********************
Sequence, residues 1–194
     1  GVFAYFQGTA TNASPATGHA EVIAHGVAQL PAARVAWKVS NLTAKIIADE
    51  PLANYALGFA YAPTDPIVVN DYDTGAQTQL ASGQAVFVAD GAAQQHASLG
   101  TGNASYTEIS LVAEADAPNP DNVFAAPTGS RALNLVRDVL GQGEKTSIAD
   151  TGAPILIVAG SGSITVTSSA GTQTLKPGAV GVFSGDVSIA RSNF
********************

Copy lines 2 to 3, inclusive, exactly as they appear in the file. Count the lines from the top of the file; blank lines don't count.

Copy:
     1  GVFAYFQGTA TNASPATGHA EVIAHGVAQL PAARVAWKVS NLTAKIIADE
    51  PLANYALGFA YAPTDPIVVN DYDTGAQTQL ASGQAVFVAD GAAQQHASLG